They look like cruciform outriggers to me. I am curious as to whether the date of Circa 1870 has been confirmed or not. I would expect a Circa 1870 iron bridge in this area to have been a Bowstring. I am not saying that a Pratt truss would not have been built in 1870, but the Bowstring was still the bridge of choice at that time.
In addition, I am not seeing any cast-iron members or cast-iron assemblies that would suggest a Circa 1870 construction date. Overall, this bridge looks more like an 1880s or 1890s bridge to me. It just happens to have some cruciform members which were popular in the 1870s.
If this bridge was in fact built in the 1870s then it would have been extremely significant, but even in 1890s bridge with cruciform outriggers is highly significant and worthy of preservation. Either way, it is too bad that this bridge was demolished.
Does photo six show a cruciform outrigger?
The Davis Street Ferry went from Carondelet in St. Louis City to East Carondelet, IL. St. Louis County was not part of the equation.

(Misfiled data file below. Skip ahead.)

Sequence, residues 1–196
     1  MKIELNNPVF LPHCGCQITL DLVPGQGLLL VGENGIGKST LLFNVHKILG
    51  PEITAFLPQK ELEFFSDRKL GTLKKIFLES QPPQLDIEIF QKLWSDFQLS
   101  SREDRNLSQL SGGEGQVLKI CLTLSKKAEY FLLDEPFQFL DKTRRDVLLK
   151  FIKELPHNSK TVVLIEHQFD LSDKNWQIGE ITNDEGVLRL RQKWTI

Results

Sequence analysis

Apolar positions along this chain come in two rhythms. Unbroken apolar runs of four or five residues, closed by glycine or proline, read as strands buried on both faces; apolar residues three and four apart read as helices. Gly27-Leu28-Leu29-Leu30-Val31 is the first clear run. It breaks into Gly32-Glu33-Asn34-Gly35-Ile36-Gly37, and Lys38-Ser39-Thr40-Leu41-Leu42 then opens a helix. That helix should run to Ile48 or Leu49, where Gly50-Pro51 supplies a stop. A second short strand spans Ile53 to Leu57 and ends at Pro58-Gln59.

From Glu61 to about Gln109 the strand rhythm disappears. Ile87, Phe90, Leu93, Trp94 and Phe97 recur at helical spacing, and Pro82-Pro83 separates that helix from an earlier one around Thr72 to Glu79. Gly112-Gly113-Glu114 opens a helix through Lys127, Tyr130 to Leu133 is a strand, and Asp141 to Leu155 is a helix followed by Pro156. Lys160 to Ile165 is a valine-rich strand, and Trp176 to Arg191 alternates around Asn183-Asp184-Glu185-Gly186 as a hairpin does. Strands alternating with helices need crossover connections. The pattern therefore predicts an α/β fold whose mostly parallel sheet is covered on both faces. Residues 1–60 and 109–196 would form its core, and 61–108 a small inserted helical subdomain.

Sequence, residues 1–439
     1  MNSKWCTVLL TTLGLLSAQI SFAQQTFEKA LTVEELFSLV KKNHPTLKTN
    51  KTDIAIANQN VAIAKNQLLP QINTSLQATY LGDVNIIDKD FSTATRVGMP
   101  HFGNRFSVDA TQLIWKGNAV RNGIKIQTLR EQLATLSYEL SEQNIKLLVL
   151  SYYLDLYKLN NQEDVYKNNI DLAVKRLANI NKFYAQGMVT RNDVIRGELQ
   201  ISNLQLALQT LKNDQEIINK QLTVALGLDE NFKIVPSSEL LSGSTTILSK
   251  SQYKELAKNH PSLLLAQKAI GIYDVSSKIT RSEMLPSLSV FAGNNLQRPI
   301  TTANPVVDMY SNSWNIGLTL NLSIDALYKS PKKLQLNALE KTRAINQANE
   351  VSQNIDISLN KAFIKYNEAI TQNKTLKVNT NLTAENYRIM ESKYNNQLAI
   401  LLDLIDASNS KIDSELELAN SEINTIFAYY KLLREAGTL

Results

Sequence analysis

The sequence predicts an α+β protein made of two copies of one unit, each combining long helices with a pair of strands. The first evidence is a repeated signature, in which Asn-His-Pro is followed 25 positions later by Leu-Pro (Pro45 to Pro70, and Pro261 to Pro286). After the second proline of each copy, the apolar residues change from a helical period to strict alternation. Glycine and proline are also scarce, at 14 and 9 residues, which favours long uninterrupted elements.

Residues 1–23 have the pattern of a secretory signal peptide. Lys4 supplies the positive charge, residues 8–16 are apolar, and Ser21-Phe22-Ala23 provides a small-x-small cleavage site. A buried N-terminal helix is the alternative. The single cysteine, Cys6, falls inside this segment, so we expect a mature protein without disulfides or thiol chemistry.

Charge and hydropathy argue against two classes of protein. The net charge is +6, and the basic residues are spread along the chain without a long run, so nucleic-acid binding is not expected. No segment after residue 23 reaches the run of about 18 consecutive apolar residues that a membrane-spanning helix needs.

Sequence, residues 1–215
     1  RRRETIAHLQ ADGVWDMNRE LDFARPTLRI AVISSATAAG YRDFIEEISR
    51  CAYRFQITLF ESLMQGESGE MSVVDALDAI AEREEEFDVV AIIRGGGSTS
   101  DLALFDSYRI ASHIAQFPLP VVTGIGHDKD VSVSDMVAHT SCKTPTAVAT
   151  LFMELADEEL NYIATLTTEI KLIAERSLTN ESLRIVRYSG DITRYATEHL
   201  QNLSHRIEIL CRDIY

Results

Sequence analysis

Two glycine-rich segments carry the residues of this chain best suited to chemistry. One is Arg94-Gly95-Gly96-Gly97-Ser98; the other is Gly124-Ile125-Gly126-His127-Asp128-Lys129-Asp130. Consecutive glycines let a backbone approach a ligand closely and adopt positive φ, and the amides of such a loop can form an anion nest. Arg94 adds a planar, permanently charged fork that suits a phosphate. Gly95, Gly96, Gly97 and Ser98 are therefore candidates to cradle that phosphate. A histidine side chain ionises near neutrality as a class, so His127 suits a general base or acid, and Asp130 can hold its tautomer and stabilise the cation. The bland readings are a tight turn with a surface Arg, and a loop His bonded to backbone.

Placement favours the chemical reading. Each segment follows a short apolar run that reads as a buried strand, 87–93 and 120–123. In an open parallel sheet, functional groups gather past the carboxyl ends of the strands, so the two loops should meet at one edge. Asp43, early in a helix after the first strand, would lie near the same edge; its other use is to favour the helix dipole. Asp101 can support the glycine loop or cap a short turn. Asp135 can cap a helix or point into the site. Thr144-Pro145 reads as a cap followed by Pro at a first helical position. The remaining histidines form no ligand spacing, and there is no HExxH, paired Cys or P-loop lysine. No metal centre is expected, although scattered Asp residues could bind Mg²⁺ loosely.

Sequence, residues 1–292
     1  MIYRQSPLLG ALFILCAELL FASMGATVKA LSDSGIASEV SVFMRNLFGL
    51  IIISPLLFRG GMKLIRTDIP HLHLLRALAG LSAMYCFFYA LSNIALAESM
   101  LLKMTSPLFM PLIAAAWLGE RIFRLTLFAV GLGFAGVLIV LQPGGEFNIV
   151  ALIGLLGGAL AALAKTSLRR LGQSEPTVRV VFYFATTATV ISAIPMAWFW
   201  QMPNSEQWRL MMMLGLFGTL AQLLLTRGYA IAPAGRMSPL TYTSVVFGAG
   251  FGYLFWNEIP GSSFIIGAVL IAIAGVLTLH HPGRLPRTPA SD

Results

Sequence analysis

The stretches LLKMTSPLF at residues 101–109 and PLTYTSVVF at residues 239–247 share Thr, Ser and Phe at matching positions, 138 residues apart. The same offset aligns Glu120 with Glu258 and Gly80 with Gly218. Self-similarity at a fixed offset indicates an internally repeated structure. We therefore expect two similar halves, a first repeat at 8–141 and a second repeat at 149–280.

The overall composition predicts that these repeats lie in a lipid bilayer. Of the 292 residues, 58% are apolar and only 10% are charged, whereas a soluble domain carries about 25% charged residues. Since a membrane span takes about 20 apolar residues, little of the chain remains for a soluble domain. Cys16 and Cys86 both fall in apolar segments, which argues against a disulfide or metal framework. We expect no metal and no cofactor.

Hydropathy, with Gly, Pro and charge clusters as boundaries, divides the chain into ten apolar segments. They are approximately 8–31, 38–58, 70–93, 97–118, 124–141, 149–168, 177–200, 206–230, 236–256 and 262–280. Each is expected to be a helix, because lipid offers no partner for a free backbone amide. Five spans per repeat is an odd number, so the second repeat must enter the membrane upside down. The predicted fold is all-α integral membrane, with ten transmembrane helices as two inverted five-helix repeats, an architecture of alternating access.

Good to know Clark - looked a little off limits, and was essentially told as so, will head up to check out old trail path
West end leads to Minor Park where you can still see the path worn by wagons heading up the hill after coming through the ford as they moved along the Santa Fe Trail. Not private at all--enjoy.
New bridge opened to traffic 9-1-17.
Visited today posted photos of the new urban walkway that has been created along the bridge, the west end quickly dead ends into private land now. Love locks have taken over the railings and other miscellaneous spots all over the bridge there must be thousands of them now. Fresh coat of paint, looking good, great attraction for the county and Minor Park.....Mr. Truman would be proud still
Thanks for the comments and the information/education. I'll try to get some pictures this weekend and I'll post them back here.
aaah....good stuff. Love the story.
The county GIS website doesn't show this road, suggesting that it is private:
The old series MoDOT map of St. Charles County does show this road, but uses the dotted line symbol for a private road.
The new series MoDOT map does not show this road:
This bridge is not listed in the National Bridge Inventory.
The Census Bureau's TIGER dataset does not show this road -- which is rather odd since it includes both public and private roads.
Google Maps does label this road as Bastean Road, but I believe that's a mistake. The county GIS map shows another Bastean Road to the east leading to a subdivision, and that is a public road. It appears that Google Map is confused, which is not that unusual.
All signs point to this being a private drive.